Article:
Once tips 25 have moved through the offset portion, tips 25 are positioned within the "upper tier" of lateral channels 31 and can now be moved laterally through the "upper tier" of channels 31 around the perimeter of wall 14 as far as lateral channels 31 extend as shown in FIG. 4E. Once in this position, inner sleeve 20 is now fully rotatably inserted within outer sleeve 12 in a secured fashion, and the insert is ready for use.
In order to remove inner sleeve 20, the tips 25 are rotated back towards longitudinal channel 12 until the offset position is reached. At this point, pressure is once again placed upon the top of inner sleeve 20 to force tips 25 down along the offset portion until the "lower tier" of lateral channels 31 is reached. Inner sleeve 20 is then rotated out of lateral channels 31 and into longitudinal channel 30. At this point, the inner sleeve 20 can be removed by pulling inner sleeve 20 out of outer sleeve 12 as tips 25 move along longitudinal channel 30.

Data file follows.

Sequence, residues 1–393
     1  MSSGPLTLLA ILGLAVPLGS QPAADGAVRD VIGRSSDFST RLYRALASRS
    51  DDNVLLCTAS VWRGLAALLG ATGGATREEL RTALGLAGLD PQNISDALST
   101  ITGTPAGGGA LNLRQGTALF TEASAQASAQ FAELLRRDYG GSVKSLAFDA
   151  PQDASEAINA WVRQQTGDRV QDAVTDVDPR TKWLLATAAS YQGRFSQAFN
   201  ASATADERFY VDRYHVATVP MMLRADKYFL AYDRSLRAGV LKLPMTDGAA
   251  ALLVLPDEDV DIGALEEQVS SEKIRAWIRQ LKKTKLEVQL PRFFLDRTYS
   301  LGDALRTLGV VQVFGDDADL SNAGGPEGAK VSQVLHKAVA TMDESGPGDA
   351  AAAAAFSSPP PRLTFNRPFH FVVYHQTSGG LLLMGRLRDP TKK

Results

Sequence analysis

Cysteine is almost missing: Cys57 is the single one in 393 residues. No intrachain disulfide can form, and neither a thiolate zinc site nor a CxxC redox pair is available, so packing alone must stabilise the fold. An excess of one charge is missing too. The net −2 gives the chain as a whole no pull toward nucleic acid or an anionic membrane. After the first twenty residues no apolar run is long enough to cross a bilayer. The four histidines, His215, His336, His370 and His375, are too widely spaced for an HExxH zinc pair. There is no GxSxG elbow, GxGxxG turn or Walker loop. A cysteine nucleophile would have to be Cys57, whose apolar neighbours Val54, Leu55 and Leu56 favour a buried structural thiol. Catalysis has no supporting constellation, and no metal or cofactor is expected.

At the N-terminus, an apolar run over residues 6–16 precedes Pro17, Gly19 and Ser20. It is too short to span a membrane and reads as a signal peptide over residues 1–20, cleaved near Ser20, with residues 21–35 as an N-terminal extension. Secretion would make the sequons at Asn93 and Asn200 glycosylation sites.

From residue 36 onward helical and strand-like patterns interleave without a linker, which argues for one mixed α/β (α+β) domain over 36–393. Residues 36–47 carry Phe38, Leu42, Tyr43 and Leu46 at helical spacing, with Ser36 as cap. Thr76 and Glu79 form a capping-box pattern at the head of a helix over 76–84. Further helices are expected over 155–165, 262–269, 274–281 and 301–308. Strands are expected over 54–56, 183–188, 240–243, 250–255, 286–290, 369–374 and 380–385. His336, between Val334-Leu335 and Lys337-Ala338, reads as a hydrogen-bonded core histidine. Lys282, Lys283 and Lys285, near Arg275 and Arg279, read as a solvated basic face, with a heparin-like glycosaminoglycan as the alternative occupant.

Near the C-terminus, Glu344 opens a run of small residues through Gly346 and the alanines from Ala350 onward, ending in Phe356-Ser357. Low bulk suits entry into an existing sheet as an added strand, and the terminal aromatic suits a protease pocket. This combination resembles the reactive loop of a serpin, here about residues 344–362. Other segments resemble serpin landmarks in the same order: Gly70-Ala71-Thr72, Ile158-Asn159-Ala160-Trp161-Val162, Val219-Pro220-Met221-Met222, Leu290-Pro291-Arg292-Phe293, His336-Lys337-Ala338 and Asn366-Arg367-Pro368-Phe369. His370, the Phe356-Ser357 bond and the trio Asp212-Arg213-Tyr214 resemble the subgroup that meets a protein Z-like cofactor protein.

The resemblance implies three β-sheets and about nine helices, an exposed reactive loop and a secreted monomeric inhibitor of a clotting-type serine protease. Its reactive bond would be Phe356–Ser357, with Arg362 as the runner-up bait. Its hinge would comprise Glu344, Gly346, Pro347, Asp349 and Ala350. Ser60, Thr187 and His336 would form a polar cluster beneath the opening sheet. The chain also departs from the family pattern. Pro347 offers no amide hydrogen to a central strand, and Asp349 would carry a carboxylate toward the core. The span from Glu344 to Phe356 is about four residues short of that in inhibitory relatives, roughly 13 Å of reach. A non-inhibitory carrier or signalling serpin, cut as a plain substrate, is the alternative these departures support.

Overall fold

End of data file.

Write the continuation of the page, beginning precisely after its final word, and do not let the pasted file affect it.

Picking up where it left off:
Those skilled in the art having the benefit of the teachings of the present invention as hereinabove set forth, can effect numerous modifications thereto. These modifications are to be construed as being encompassed within the scope of the present invention as set forth in the appended claims.